The complete failure of the UK’s Anti-Extremism Strategies: Why the Danes do it better

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The controversial UK counter-extremism strategy known as Preventing Violent Extremism (Prevent) has been extensively criticised since it was launched in the aftermath of the 2005 London bombings. Despite millions of pounds being invested in the programme and undergoing several reforms, the Prevent strategy remains deeply flawed and continues to do more harm than good in the struggle against violent extremism.

The Prevent programme aims to “respond to the ideological challenge of terrorism and the threat from those who promote it; to prevent people from being drawn into terrorism and ensure that they are given appropriate advice and support; and to work with sectors and institutions where there are risks of radicalisation that we need to address.”

While these are honourable goals, the Prevent programme is not achieving them in practice. One of Prevent’s initiatives requires teachers to observe their students for radical behaviour, which the National Union of Teachers (NUT) says leads to “suspicion in the classroom and confusion in the staffroom.” Training for these teachers to spot extremism has not been consistent or comprehensive, and Alex Kenny of NUT reports that the training has been of “very varied content, provided by a multiplicity of organisations, without accreditation or regulation.” When teachers do make reports, 90% of their referrals end without action being taken.

In schools, surveillance of this type means that certain topics cannot be fully discussed; this creates further misunderstanding about extremism and limits discussion about crucial topics. Schools have the potential to be a helpful tool against extremism by giving students a voice when they might feel marginalised in other aspects of their lives; the Prevent programme deprives schools of this ability.

Perhaps the most condemnatory flaw of the programme is its disproportionate targeting of Muslims. Between 2007 and 2010, 67% of the referrals involved Muslims despite the fact that Muslims made up only 5% of the population. Additionally, the allocation of Prevent funding was based on the number of Muslims in each area. Treating Muslims as suspects creates a precedent for Islamophobia and isolates young Muslim students, potentially damaging their relationships with their teachers, peers, and communities.

The Prevent strategy needs to reform to combat violent extremism through open, honest discussions in schools which allow students to voice their opinions and receive guidance from trusted adults. Rather than treating vulnerable members of the community as suspects and arresting them, the UK needs to establish programmes which focus on the reasons these people have been radicalised in the first place—whether that is fear, ignorance, hopelessness, or another factor which needs to be addressed.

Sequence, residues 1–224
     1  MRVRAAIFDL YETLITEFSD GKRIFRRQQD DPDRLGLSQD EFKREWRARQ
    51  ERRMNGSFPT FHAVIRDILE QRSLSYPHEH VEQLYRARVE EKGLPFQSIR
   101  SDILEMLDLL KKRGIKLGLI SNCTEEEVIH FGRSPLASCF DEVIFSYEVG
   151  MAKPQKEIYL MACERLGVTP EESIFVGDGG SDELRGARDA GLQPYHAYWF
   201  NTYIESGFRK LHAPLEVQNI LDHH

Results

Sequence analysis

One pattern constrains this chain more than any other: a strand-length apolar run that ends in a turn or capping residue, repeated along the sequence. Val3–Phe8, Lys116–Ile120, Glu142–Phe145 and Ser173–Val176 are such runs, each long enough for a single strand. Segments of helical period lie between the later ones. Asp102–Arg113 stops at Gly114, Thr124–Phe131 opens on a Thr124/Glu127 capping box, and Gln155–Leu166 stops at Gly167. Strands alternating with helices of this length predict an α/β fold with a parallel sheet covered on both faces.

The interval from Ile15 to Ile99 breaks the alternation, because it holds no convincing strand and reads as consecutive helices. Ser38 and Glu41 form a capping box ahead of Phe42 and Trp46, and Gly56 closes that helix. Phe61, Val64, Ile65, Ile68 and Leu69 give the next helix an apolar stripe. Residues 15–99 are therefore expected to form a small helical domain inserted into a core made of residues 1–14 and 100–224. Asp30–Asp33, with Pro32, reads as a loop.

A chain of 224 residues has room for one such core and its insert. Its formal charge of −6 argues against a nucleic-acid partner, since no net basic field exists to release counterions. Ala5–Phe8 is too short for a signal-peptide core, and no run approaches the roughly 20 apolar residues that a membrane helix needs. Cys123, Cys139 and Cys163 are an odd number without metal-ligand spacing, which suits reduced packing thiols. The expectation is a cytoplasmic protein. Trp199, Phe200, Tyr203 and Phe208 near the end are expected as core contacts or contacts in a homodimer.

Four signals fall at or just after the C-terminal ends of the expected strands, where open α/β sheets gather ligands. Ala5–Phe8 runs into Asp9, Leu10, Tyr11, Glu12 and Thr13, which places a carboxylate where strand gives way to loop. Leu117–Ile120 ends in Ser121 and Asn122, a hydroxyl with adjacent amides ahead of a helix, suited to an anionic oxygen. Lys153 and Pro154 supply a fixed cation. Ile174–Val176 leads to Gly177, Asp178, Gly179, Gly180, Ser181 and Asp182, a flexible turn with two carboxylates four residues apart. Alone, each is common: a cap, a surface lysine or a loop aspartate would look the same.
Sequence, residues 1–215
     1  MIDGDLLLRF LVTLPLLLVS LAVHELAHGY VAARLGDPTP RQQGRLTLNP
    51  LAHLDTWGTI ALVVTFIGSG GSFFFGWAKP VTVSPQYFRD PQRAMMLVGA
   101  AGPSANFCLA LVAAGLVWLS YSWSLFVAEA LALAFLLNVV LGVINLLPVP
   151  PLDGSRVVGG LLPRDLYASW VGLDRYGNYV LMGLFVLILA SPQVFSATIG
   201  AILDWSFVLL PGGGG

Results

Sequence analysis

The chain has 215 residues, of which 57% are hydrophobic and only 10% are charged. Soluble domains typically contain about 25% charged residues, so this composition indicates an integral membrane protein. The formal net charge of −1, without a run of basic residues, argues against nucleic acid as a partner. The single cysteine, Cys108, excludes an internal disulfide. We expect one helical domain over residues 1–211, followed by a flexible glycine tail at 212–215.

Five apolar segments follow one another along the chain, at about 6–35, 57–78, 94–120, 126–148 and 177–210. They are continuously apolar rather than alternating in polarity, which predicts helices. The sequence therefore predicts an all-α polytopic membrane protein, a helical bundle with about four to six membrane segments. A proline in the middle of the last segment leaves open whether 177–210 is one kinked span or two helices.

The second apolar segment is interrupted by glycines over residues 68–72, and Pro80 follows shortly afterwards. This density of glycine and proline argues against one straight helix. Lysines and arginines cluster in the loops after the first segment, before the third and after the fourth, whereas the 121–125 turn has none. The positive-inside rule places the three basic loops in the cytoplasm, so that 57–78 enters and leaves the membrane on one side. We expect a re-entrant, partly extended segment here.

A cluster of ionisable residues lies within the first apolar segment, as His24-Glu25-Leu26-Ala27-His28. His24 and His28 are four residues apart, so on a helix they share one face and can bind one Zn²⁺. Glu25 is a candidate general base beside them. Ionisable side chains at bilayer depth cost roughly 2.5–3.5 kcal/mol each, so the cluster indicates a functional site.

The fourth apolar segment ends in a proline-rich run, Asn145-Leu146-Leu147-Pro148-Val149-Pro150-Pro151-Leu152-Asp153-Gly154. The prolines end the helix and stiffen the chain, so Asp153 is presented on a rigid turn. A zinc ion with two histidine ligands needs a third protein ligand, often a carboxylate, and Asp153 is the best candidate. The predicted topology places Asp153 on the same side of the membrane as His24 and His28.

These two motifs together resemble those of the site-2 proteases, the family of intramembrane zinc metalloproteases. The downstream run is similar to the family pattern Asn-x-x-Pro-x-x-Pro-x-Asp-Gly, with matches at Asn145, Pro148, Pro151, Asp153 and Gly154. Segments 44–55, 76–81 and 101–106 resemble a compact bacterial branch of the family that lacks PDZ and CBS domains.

This is exactly what the Danish approach, called Aarhus, aspires to achieve. Steffen Nielsen, a crime prevention advisor working with Aarhus, says that unlike the UK, “We are very upfront. If we have very clear information that you have fertiliser in the basement then we will pass that on. Otherwise we have a principle that no information goes to the secret service because we can’t work with people if they think we are passing on information.” The goal is to facilitate dialogue and trust rather than spying on the population.

When Danes return from Syria, Nielsen says that under the Aarhus programme they are embraced when they come home. “Unlike in England, where maybe you’re interned for a week while they figure out who you are, we say ‘Do you need any help?’” The idea is not to tell them they have done something terrible, but to allow them to talk about their experience.

Another important difference between Aarhus and Prevent is that Denmark makes the distinction between extreme views and violence as a result of extremism. Nielsen says, ”We don’t spend a lot of energy fighting ideology. We don’t try to take away your jihadist beliefs. You are welcome to dream of the Caliphate. But there are some means that you cannot use according to the penal code here. You can be al-Shabab all you like, as long as you don’t actually do al-Shabab.” The problem is not extremism, but violent extremism, and citizens are allowed their opinions as long as they are not harming others.

The method of ISIS is violence and hatred. The only way to combat this is by offering a country which facilitates dialogue and trust, and will listen to the young people at risk of being radicalised rather than isolating them. Programmes such as the UK’s Prevent and Denmark’s Aarhus have great potential, and could have the ability to either push citizens towards radicalisation or to show them love and bring them home. Currently, the UK’s Prevent is pushing its citizens into the arms of violent extremism.

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